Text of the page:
Whether Espaillat wins depends almost entirely on turnout -- "getting out the vote, GOTV, you know, old school type of elections," as he puts it. Neither candidate is running TV ads in the prohibitively expensive English-language New York market, though Espaillat has a Spanish-language ad that features his mother. Instead, it's all about subway stops, senior centers, door knocking.
"Adriano Espaillat por Congress!" Espaillat hollers as people stream off the 6 train in East Harlem on Friday afternoon. There are some friendly faces, but many refuse to take his flyers; one man emerges from the stairwell and begins shouting, "Charlie Rangel! Charlie Rangel!" Across the street is an Espaillat sound truck covered in American flags and blaring music; eventually, the shouting man is drowned out by a noisy rendition of Frank Sinatra's "New York, New York."
Espaillat's Washington Heights campaign office showcases a more calculated get-out-the-vote effort. Plastered on the wall is a giant color-coded spreadsheet that lists, block by block, the number of voters in each neighborhood polling place that the campaign needs to turn out if they want to win. The 2012 version of this spreadsheet (also wall-sized) has been saved; on Friday, the tallies are being carefully copied onto the new version, along with the phone numbers of volunteers in each area who helped the campaign last time around. The list amounts to a demographic map of the district: In red, listed first, are areas like 4862 Broadway and West 182nd Street, where Espaillat expects to do well. On the other side of the wall are streets printed in black: West 125th Street, West 106 Street, areas where the campaign feels it's unlikely to find much support.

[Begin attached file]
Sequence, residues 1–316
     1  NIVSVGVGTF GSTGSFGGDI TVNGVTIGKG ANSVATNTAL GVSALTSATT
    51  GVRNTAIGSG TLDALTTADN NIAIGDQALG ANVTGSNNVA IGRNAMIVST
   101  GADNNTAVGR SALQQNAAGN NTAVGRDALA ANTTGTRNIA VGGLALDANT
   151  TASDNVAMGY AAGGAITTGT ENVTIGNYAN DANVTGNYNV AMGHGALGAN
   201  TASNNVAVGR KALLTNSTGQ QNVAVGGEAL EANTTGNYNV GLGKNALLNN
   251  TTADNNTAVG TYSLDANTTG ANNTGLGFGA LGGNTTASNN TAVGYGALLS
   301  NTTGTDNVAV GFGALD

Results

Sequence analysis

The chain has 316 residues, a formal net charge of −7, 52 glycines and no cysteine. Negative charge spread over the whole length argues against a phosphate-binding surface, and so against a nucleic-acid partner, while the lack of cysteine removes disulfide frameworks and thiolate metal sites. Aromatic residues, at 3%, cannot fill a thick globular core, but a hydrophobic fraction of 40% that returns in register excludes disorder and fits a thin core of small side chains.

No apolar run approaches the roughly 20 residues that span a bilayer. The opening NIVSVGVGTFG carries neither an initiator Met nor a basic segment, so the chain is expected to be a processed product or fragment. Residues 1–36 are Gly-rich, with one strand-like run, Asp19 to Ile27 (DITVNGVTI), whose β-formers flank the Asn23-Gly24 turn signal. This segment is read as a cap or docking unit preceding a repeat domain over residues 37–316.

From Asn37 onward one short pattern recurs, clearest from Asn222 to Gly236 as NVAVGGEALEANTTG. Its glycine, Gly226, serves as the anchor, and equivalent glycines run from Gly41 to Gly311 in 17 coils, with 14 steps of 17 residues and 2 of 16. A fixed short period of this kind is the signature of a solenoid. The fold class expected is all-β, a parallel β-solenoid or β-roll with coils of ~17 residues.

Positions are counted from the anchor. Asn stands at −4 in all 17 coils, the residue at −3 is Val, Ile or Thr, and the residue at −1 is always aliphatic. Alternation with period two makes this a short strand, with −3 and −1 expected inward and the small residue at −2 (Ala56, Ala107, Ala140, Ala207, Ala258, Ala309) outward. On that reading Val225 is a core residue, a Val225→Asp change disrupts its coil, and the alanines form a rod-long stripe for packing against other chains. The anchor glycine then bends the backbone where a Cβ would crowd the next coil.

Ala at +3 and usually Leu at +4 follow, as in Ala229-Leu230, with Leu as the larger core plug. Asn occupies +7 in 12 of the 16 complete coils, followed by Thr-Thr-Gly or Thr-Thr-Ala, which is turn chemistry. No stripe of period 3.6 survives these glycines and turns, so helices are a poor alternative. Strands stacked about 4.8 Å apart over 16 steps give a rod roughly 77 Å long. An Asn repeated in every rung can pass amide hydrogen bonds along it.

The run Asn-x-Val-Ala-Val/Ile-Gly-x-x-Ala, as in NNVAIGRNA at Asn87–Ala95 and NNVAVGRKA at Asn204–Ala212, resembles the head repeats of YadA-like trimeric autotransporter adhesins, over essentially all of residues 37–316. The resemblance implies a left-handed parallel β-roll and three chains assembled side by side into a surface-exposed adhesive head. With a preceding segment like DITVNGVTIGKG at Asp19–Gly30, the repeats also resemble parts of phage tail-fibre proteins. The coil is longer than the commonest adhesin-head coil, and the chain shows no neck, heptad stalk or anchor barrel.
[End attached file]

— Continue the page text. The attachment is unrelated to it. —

Also saved from last year are notes about who came to which polling place and at what time; if a friendly polling place hasn't seen enough voters turn up by a certain hour, law students stand ready to check for signs of voter suppression. There are two other candidates in the race; Michael Walrond, a pastor, is expected to draw votes from Rangel; Yolanda Garcia, to siphon some from Espaillat.
The effort makes clear why the campaign has been so focused on racial differences, though both candidates say that's not the case.
"There's always a level of pride in being the first," Espaillat says when asked how he would feel about becoming the first Dominican American elected to the House. "But that's just not enough anymore, and you really have to really do better for everybody and have a big tent approach to politics."
Says Rangel: "If we're talking about immigration, affordable housing, job opportunity, education -- how the hell is it going to be black, Dominican or Latino? It just doesn't happen. And if you were to take a look at the backgrounds of the people in central Harlem and the people in the Bronx, it's the same."
Still, Rangel has increased his outreach to Latino communities, spending Friday at a street-naming ceremony for Charlie Palmieri, who played piano for jazz legend Tito Puente, in Spanish Harlem. Many of the neighborhood's longtime residents came from Puerto Rico; Rangel is half Puerto Rican.
But it's just one stop on a packed day of campaign activities that also includes a walk through central Harlem. That's an easier task for Rangel these days, as he's recovered from a severe illness that hampered him during the 2012 campaign.
"I'll tell you one thing, whatever I'm doing," Rangel says, "there's nobody doing it better."
Ben Mayer of MSNBC's "Morning Joe" contributed to this report.